Doncaster race festival in 2017

One year since the US repealed a federal ban on sports betting, William Hill, the British bookmaker, hailed its growth in the US market as it looked to offset declining online revenue at home mainly due to stricter regulation.

The FTSE 250 gambling group has doubled the sports wagering it handles in the US since the repeal of the ban on sports betting on May 14 last year, it said in a trading update on Wednesday. Net revenue in that region increased by almost a half.

However, the group said that overall gaming revenue was down 15 per cent due to the impact of a cut in the maximum stake to the electronic slot machines known as fixed-odd betting terminals in the UK. Online net revenue in William Hill’s domestic market fell 8 per cent, the update said.

British high street bookmakers have set their sights abroad as the Gambling Commission seeks to increase regulation of the industry.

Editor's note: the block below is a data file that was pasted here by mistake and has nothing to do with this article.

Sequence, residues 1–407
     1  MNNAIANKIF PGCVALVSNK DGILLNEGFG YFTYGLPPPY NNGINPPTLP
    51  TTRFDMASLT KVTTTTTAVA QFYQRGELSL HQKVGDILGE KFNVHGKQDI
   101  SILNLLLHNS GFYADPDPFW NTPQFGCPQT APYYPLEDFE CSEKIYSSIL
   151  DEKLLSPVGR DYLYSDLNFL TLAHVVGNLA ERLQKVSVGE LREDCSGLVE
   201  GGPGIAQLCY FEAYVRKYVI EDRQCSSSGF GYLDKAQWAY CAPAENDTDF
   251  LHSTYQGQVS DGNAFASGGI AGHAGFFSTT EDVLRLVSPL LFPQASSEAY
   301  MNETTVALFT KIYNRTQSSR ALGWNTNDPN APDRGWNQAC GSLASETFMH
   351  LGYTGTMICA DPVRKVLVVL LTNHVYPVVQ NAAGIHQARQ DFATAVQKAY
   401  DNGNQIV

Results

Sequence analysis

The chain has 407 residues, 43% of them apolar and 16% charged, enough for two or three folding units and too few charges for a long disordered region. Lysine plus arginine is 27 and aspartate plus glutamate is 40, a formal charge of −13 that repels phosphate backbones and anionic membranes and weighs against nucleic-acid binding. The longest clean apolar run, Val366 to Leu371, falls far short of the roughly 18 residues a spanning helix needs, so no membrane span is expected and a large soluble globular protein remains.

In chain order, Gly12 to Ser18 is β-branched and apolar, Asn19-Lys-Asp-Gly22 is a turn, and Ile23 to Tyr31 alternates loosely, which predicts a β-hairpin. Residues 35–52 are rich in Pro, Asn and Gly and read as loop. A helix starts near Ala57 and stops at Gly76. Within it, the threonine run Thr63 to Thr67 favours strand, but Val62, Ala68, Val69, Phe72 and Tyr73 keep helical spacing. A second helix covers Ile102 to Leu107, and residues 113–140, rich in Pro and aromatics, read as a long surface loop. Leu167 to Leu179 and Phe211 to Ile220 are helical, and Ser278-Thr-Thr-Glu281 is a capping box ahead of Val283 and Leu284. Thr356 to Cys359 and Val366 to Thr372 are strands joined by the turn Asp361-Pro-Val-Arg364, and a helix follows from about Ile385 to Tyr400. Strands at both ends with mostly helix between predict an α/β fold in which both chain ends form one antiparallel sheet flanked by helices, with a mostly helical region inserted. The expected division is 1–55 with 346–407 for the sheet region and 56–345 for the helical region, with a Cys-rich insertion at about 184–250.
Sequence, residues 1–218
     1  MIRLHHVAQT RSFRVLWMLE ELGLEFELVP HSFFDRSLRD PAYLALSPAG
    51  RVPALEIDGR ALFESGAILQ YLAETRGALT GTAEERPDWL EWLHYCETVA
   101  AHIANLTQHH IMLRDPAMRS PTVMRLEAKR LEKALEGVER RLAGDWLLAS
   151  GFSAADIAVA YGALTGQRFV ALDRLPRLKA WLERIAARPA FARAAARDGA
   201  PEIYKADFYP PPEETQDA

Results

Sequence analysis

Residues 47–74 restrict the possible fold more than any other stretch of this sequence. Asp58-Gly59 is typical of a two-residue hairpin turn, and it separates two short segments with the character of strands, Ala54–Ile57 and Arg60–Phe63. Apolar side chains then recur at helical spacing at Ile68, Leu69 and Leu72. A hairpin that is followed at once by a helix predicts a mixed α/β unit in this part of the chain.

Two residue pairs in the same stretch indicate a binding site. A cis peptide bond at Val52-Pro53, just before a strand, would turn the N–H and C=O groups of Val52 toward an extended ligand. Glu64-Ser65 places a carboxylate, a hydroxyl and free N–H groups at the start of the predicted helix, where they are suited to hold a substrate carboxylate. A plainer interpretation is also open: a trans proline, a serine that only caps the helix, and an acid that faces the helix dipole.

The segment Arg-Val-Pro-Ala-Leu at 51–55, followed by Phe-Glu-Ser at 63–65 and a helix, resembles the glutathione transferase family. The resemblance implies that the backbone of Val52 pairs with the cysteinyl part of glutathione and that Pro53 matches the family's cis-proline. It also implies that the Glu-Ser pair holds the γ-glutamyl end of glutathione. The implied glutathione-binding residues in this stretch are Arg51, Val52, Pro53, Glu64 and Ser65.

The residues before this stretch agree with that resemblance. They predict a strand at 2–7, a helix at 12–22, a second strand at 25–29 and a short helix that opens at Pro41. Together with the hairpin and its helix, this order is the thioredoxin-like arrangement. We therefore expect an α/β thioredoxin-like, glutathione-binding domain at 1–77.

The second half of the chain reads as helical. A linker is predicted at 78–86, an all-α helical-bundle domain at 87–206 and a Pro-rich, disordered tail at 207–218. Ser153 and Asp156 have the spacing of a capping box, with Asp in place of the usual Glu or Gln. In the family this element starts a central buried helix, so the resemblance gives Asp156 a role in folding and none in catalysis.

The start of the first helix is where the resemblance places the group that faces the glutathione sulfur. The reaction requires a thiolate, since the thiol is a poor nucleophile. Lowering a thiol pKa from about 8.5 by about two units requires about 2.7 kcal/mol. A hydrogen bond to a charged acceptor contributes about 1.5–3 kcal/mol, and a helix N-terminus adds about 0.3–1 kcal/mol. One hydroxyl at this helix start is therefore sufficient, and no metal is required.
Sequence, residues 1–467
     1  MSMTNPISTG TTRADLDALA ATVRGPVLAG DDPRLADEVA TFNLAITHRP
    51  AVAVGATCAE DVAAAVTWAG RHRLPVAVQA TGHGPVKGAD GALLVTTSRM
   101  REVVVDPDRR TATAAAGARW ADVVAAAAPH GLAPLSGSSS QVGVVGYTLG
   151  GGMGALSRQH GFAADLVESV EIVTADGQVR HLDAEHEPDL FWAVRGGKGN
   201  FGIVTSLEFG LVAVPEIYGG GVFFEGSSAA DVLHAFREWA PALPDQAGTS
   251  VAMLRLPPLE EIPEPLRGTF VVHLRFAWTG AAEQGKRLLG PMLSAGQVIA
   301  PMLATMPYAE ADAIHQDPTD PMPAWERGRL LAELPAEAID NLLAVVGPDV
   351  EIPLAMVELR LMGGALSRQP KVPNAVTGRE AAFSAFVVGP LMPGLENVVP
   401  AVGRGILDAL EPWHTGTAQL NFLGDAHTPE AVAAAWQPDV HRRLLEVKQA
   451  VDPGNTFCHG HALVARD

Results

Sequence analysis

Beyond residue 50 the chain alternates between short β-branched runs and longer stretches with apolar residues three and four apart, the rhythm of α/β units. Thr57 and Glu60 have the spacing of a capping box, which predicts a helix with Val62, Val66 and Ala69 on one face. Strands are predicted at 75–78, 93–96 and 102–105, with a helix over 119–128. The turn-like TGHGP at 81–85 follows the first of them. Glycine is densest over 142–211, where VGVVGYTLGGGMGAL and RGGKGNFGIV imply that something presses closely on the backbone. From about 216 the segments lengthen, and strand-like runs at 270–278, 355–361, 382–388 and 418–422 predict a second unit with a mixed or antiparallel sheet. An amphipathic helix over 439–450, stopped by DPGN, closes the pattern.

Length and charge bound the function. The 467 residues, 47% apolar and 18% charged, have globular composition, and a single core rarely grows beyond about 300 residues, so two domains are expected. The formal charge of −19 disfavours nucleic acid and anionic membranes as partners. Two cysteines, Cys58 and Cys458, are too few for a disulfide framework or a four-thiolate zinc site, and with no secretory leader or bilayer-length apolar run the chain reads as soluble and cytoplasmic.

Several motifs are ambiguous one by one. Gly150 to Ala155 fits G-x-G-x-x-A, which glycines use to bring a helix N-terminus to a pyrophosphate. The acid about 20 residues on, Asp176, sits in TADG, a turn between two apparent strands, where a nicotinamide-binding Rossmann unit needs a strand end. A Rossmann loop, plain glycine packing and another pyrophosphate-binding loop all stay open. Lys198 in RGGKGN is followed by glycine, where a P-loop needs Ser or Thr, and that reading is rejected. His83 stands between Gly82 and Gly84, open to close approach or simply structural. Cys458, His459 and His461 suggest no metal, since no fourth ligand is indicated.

The watchdog has issued nearly £20m in fines to betting companies since November, including a £4.5m fine to four online casino companies for failing to prevent money laundering, which it announced on Wednesday.

William Hill said that online revenues rose 8 per cent thanks to its acquisition of Swedish online gaming business Mr Green, which it completed in January, but that this was offset by greater customer due diligence costs.

The company, which previously suggested that the cut to the FOBT stake from £100 to £2 could result in the closure of 900 shops, confirmed that the impact of the law was “in line with our expectations” but it added that it was “likely to be several months before any meaningful conclusions can be drawn”.

William Hill is the only British bookmaker to have secured licences in all of the US states that have legalised sports betting since the federal ban was repealed, including Iowa, which put in place legislation this week.

Chief executive Philip Bowcock said: “Online continues to show good momentum as we focus on growing our mass market customer base, while retail has begun to adapt to the new £2 machine gaming stake limit.”

He said the company had seen record performance during the US Super Bowl and that it expected to enter further states soon.

The group’s shares dropped 0.7 per cent in early London trading on Wednesday.

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